As well as these considerations it is also important to consider which TA concepts will contribute to changing the status quo.
In relation to the status quo Holdeman discusses the symbiotic chain. The concept of the symbiotic chain is used to represent the extension of social interdependency downward through several levels of supervision.
The effect is to separate management from each other as well as from the shop-floor workers. Thus, autonomy is reduced.
The reduction in autonomous individuals achieving and maintaining leadership means that creativity is also reduced, which has long-term implications for the organisation.
Within symbiotic chains, policy and command go downward and positive strokes and hero worship move upward. Problems arise when the person who is the pillar to which the symbiotic chain is attached leaves.
If the person below the “pillar” is promoted then this leaves the promoted person with three choices:
a. Find another person in the hierarchy above them with whom they can be symbiotic
b. Find someone else in the team who is willing to be symbiotic
c. Become autonomous.
This latter option would require the new leader to recognise the problem, be willing to change and seek assistance to do so from someone outside the system e.g. a coach.
The concept of autonomy can also be observed within competition, as it can be healthy or unhealthy.
Unhealthy competition is a sign that the individual or organisation is not autonomous.
Healthy competition on the other hand results in OKness for all. This occurs when the internal decision is to be OK, and that OKness does not depend on winning or losing.
Where goals are autonomously defined and realistic for the organisation and the current situation then success is possible.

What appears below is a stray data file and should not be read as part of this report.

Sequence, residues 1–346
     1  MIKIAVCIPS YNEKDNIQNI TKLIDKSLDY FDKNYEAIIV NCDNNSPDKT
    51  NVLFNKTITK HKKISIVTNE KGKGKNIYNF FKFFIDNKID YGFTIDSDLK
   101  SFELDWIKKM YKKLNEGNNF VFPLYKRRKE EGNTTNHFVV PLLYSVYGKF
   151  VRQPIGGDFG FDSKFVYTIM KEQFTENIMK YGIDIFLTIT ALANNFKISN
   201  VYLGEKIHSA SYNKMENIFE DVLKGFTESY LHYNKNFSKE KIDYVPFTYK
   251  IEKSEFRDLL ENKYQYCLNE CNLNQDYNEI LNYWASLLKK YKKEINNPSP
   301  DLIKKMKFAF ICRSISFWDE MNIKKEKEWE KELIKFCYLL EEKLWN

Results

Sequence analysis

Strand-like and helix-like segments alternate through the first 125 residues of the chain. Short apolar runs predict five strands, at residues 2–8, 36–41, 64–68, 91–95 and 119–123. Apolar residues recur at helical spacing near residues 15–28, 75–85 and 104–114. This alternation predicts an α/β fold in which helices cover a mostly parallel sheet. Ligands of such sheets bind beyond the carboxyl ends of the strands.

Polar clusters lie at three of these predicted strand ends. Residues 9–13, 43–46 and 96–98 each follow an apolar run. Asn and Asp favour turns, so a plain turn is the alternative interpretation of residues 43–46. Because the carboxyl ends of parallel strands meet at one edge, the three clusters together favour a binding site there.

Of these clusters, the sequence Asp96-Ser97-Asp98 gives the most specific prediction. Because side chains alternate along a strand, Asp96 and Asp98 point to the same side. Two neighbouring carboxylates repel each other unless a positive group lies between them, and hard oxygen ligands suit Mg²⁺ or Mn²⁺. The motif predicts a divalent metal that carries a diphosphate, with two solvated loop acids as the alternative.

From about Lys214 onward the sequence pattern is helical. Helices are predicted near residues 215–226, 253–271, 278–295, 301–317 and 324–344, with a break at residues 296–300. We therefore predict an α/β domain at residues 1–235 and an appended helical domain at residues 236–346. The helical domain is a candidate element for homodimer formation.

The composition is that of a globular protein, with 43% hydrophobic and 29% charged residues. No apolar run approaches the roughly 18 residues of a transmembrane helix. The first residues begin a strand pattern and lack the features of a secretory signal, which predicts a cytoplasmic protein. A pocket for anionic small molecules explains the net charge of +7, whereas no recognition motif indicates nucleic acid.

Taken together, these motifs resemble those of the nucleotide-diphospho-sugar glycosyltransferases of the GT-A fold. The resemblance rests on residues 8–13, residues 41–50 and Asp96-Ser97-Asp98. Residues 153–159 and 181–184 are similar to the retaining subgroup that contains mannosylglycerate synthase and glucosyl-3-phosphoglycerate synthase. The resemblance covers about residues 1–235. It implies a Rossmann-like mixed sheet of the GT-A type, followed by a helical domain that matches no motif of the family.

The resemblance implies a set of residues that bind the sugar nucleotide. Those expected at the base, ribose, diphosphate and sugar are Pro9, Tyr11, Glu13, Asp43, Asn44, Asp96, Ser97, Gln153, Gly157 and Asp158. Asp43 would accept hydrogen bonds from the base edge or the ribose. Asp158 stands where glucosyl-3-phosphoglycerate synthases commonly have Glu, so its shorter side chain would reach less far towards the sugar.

For an individual we use the word “cure” in relation to autonomy, for an organisation we might use continuous development, fundamental change, re-engineering etc. Blakeney used the word “effectiveness”.
Blakeney (1980) discusses the organisation as a transactional system. In TA, we view the individual as consisting of ego states. Blakeney views the organisation as a set of inter-dependent subsystems:
- productivity subsystem producing goods or services
- maintenance subsystem, which transforms its inputs to outputs, designed to maintain the organisation’s structure, processes, technological, mechanical and human capabilities. This subsystem provides satisfaction-reward outputs to keep them contributing.
- adaptive subsystem which engages in forecasting, planning and improvisation
- managerial subsystem which allocates resources among the subsystems
Berne E. (1964), Games People Play, Grove Press
Berne E. (1979),The Structure and Dynamics of Organizations and Groups, Ballantine
Blakeney R. (1980), Organizational Cure, or Organizational Effectiveness, TAJ 10:2
Buber M. (1944) I & Thou, T & T Clark
Holdeman Q.L. (1989), The Symbiotic Chain, TAJ 19:3
Krausz R. (1996), Transactional Analysis and the Transformation of Organizations, TAJ 26:1
Mountain, A. & Davidson, C. (2011) Working Together - Organizational Transactional Analysis and Business Performance Gower Publishing
Whitney N.J. (1982), A Critique of Individual Autonomy as the Key to Personhood, TAJ 12:3